Digital tools offer distributors the potential to improve productivity and sales, offer a better value proposition for customers, and strengthen relationships with suppliers, but success isn’t possible without a smart strategy and some trial and error.

That was the conclusion of Mark Dancer and two industry experts on Wednesday at the NAW 2015 Executive Summit. Those experts — Ellen Holladay of Motion Industries and Brian Nichol of Performance Food Group — offered their experiences in planning, testing, deploying and refining digital tools to drive e-commerce sales at their respective companies.

Digital tools, in this context, include the Web/e-commerce, social media, CRM, marketing automation and more. Dancer surveyed wholesaler-distributors on a number of questions, including:

  • Overall experience with specific digital tools, in terms of “experienced user,” “implementer or shopper,” and “person with understanding of features and benefits.”
  • Leading priorities for improving business results, in terms of distributors and manufacturers.
  • The leading benefits of digital tools for wholesaler-distributors.
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“Video is exploding.”

That statement by Facebook’s Sheryl Sandberg during her opening remarks at the Interactive Advertising Bureau’s MIXX Conference sums up the sentiment among publishers and marketers as this year’s Advertising Week begins.

Sandberg made her remarks to Katie Couric as the duo shared the stage at the IAB conference. Couric explained that her Yahoo News interviews with baseball legend Joe Torre and Secretary of State John Kerry are available in both snippets and in longer form to take advantage of the multiple ways that consumers now consume content.

“We try to give people options,” Couric explained. “I’m hoping digital content doesn’t make people want things in 30 seconds or less. As we get more involved and more acclimated to this way of consuming information, there will be a desire for longer pieces.”

That demand is being driven in large part by the ready access to mobile devices and high-speed Internet consumers now have. (read more…)

eventsSparking change in an organization — classroom, school, school district, state or nation — sometimes can feel like a Sisyphean task, rolling a heavy stone up a hill only for it to roll down before reaching the summit.

Best-selling author Daniel Pink offered educators — gathered for ASCD’s first general session at the 2014 annual conference in Los Angeles — a different lens to view their work as leaders and change makers.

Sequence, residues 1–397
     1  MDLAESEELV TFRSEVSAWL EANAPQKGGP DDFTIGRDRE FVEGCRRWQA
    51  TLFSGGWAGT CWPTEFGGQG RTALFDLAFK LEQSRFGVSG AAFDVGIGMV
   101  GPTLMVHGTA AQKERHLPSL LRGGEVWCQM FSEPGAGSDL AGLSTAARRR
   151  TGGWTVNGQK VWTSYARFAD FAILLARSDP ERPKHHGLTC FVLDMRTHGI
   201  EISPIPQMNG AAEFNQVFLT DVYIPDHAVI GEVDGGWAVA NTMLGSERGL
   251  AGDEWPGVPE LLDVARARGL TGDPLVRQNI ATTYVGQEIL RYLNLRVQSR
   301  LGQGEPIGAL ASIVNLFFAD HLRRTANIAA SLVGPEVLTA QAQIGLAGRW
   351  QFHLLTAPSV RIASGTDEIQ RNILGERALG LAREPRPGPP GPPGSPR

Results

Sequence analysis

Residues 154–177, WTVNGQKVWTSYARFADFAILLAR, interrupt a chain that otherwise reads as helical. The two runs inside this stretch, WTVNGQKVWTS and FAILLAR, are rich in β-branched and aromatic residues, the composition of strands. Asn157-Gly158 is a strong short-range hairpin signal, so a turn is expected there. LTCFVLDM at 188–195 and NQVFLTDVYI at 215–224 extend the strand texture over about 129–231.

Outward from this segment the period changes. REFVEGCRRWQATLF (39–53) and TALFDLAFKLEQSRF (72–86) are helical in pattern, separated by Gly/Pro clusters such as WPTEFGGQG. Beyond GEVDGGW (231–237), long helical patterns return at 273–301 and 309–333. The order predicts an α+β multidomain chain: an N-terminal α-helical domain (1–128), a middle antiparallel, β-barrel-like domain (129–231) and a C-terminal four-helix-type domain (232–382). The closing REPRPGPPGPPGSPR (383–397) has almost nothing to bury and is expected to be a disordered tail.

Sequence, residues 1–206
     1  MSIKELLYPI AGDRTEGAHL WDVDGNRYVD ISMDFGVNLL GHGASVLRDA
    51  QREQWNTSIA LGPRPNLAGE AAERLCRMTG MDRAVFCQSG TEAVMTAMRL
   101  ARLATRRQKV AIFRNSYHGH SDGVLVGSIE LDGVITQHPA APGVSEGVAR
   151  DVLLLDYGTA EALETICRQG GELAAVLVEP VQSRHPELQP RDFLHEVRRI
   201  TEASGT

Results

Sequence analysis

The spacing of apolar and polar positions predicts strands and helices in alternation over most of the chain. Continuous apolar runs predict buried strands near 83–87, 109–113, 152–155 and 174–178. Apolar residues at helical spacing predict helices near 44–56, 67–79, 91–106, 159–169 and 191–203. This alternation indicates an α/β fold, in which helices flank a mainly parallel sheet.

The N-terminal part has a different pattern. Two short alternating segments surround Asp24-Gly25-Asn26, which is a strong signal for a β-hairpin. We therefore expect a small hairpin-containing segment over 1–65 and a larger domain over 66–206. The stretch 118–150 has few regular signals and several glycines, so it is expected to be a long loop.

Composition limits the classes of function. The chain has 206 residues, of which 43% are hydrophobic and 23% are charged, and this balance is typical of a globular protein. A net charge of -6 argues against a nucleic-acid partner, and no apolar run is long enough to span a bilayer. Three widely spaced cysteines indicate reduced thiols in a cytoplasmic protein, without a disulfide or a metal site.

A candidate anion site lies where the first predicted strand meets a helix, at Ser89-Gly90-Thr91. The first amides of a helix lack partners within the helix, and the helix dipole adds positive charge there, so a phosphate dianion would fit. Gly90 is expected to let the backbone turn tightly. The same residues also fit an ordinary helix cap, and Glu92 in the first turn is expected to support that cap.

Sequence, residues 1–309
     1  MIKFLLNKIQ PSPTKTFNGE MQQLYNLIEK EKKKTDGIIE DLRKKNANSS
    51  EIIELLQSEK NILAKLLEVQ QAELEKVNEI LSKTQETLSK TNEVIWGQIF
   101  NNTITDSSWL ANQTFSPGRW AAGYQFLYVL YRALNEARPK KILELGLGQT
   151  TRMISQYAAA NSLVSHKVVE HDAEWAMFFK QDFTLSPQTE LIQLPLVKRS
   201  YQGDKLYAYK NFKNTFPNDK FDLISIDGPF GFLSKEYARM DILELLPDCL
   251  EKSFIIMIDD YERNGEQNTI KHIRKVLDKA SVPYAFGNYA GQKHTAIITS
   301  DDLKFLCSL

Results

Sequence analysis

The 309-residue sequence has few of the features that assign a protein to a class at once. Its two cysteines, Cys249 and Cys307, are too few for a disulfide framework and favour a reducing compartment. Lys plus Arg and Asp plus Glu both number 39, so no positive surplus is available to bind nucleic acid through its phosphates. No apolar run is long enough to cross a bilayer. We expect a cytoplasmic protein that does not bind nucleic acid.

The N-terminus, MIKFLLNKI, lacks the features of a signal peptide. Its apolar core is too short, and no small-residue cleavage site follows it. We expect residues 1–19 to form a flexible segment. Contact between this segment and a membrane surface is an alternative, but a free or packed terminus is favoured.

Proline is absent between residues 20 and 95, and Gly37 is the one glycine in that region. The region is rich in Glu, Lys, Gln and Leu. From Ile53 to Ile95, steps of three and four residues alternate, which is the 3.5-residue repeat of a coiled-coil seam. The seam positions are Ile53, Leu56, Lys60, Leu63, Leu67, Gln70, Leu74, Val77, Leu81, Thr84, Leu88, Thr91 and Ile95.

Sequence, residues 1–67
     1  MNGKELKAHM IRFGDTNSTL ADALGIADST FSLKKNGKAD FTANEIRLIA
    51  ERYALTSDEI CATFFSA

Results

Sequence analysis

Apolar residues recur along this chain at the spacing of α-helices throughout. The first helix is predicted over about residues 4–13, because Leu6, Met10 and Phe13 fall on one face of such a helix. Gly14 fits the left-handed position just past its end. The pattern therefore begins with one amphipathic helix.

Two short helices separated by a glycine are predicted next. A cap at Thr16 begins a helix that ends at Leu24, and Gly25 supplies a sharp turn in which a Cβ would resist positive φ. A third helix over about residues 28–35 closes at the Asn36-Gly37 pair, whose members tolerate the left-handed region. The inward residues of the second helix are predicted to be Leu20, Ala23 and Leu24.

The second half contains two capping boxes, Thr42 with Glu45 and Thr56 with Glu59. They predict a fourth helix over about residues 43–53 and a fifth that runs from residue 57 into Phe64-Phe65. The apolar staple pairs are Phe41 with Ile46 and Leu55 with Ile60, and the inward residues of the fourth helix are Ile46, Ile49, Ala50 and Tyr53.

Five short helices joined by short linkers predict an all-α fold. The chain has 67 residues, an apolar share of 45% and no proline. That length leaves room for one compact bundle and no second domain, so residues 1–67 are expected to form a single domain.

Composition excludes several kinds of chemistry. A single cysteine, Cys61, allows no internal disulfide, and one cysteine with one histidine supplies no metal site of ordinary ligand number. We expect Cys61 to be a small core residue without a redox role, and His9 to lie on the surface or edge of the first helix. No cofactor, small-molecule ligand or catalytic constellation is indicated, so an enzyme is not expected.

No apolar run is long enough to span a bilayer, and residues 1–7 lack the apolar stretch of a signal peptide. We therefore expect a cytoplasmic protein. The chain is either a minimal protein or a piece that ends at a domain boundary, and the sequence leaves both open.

“A big part of what we do as leaders, as teachers, is move people. At some level you’re actually selling things. You’re selling ideas. You’re selling content,” Pink said. “In order for you to be effective, your effectiveness is built on your ability to move people from point A to point B.”

Pink shared with conference attendees six research-based strategies to help lead change.

1. Reduce feelings of power to better understand others’ perspectives. Take time to recalibrate your feelings of power before asking someone to do something. (read more…)

The South by Southwest Interactive Festival drew people from a variety of perspectives together to listen to App.net Founder and CEO Dalton Caldwell discuss an alternative to ad-supported social networking. As a heavy Facebook and Twitter user, ad-supported social networking is the only model I know, but by the end of the session, I was able to see a feemium model as a real possibility.

Caldwell’s previous company was imeem, built with $70 million in venture capital. It was a music-sharing site supported principally by advertising. Imeem had more than 20 ad salesmen trying to monetize its 26 million users, but in a good month they were selling only $2 million in ads and eventually the company had to be sold at a fire-sale price. Similar services, such as YouTube, survived only by being purchased by more deep-pocketed Web companies. Although conventional wisdom had held that all you had to do was build a large user base and a business model would present itself, imeem and others proved that wrong. (read more…)

It was clear that it was going to be a different sort of panel when lawyers from Foursquare, Meetup and Etsy admitted their somewhat-derogatory in-house nicknames during the “Lawyered” panel at the South by Southwest Interactive Festival: Foursquare General Counsel Brian Chase, or “Dreamsmasher”; Meetup General Counsel Daniel Pashman, or “Lawzilla”; and Etsy Counsel Sarah Feingold, or “Dreamcrusher.” This lively panel was attended not only by interactive and social media lawyers but also by social media and interactive mavens looking for advice on how to cope with their own dream crushers, while staying on the leading edge of electronic and Web commerce. The panel offered five lessons.

  1. What should every lawyer know before leaving a cushy law firm for a startup?. Pashman says moving from a law firm to a startup was a terrific culture shock. Law firms are populated by driven, focused and analytical lawyers who often work alone, while startups often have no other lawyers but lots of creative-, technical- and business-focused individuals who work in teams and seldom focus on issues that drive lawyers crazy.
  2. (read more…)